Growing Hardy Bulbs

By Bonnie Hickey

The majority of hardy bulbs we grow in Montana originated in the Mediterranean or areas of similar climate, which have wet winters and dry summers. These plants grow and flower during periods of good weather and then go dormant to survive inhospitable periods. Understanding the bulb’s preferences is the key to success in growing bulbs. These expectations are fairly simple, making bulbs one of the easiest flowering plants to grow.

Soil Prep and Planting

Generally, bulbs should be planted no sooner than 6 weeks before frost. Exceptions are Colchicum, Lilies, Fritillaria, Erythronium, which should be planted as soon as received. They prefer a sunny location (remember – what is shady now may not be in the spring, if the shade is caused by deciduous trees). They also require a well draining soil.

If you will be planting a lot of bulbs in an area, begin by loosening the soil to a depth of 12 inches. Top the soil with 1 inch compost and 2 inches of peat moss. If your soil is heavy clay, also add 2 inches of soil pep or sand to improve aeration and drainage. Blend the amendments into the loosened soil.

For larger bulbs such as tulips and daffodils, remove the soil from the planting spot to a depth of 8 inches. Work bone meal into the soil at the bottom of the hole (2 tbsp/ 1 sq ft, 10 lb/ 250 sq ft). Set the bulbs pointed end up in the bottom of the hole. Space tulips 4-6” apart and daffodils 6-8” apart. Cover with soil and water in well.

Follow the same procedure for other bulbs, planting the bulbs at a depth that is 3-4 times the bulb size (Crocus at 3”, etc.).

Further Care

Once the bulb’s leaves emerge from the ground in the spring, top dress with a balanced granular fertilizer such as a 17/17/17. Remove spent flowers to prolong bloom and preserve strength. Allow the leaves to ripen fully before removing. They will turn yellow or brown and will readily pull free when they are ripe. This takes about 6 weeks.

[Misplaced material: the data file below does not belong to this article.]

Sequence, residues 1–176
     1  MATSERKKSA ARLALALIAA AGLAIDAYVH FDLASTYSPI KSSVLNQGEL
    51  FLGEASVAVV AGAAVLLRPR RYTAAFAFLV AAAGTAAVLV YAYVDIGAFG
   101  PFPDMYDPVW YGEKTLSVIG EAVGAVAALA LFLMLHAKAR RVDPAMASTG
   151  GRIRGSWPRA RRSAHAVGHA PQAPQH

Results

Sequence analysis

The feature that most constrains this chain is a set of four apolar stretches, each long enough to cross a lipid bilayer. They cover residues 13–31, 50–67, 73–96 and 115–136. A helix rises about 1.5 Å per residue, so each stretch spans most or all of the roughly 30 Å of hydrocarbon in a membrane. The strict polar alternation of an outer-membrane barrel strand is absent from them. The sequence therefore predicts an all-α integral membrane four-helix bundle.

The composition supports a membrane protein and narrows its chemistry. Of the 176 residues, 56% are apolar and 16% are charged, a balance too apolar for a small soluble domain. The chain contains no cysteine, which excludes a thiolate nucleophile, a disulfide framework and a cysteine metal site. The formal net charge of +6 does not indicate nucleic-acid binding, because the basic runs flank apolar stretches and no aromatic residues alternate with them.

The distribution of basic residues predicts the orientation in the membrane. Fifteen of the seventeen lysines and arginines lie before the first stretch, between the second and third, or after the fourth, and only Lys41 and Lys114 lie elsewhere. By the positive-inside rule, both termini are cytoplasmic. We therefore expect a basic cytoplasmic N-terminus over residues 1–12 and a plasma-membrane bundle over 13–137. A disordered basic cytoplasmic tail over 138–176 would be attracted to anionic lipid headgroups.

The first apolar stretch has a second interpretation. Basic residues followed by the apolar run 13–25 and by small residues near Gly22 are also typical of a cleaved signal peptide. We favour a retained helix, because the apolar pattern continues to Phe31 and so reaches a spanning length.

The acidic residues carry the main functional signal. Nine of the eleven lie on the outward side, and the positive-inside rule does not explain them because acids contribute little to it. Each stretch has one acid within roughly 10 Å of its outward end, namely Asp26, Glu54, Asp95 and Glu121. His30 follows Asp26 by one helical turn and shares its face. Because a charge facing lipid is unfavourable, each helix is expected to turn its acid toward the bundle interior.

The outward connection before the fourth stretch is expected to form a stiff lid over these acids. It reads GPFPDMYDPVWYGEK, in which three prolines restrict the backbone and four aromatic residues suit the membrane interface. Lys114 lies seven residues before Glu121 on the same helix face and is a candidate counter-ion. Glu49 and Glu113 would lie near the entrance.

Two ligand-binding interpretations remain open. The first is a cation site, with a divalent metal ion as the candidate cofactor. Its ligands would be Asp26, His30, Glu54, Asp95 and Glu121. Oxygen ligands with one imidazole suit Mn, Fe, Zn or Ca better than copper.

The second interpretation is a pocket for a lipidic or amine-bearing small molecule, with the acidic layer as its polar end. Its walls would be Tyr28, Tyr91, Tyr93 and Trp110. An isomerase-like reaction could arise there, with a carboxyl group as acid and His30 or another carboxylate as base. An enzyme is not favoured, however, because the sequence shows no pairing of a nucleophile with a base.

Many bulbs will multiply and the clump will get larger and showier with each passing year. Eventually, you may want to dig the bulbs and divide them in the summer to start new clumps. Mark their location so that you can find them in the summer. Other bulbs are shorter lived and their flower show will begin to decline, such as tulips. In this case, don’t wait for the foliage to ripen. When they are done blooming, pull them up immediately, while you know where they are.

Grape Hyacinth (Muscari armeniacum) grows leaves in the spring while it is flowering and again in the fall. Fall crocus (Colchicum) will grow large tulip size leaves in the spring, which will then disappear. The lavender blooms then rise from the ground in fall, as the rest of the garden goes to sleep.

Bulb Combinations

Large sweeps of a single type and color of bulb will have high impact. Example: A mass of red Apeldoorn tulip behind an equal mass of King Alfred type daffodil would be a sure attention getter. A sweep of grape hyacinth or Siberian squill through a garden might simulate a meandering brook.
Another look, best seen close up, can be had by custom mixing tulip colors in one planting hole: pink, white, lavender is sweet; black/purple and white is elegant; white, pink and rose red is very rich, or choose a pastel mix of pink, apricot, and soft yellow.

Under plant tulips or daffodils with a smaller bulb such as chionodoxa or squill for a layered look. Create custom blends in your favorite colors, or choose colors that coordinate with your interior if you will be cutting blooms for bouquets.

Bulb / Plant Combinations

    • Daffodils and Daylilys
    • Create color duets between spring blooming perennials and companion bulbs. Sample perennials are Euphorbia (chartreuse bloom), Candytuft (white), Basket of Gold (yellow), creeping phlox (pink, lt. blue, white), etc.
    • Create color duets between spring blooming perennials and companion bulbs. Sample perennials are Euphorbia (chartreuse bloom), Candytuft (white), Basket of Gold (yellow), creeping phlox (pink, lt. blue, white), etc.
    • Early to mid spring bulbs can be planted between clumps of perennials. The perennials foliage will grow up and hide the bulb foliage while it passes, plus your perennial garden space gains early color.
    • Plant under trees and between shrubs for spring color. Bulbs will get the sun they need because the trees and shrubs will not have leafed out. Squill is one of the few bulbs to do well in shade.
    • Plant bulbs in the spots where you will later be planting annuals. The bulbs will be deep enough to be out of the way. Choose early to mid season bulbs whose foliage ripens quickly (Triumph Tulips work well).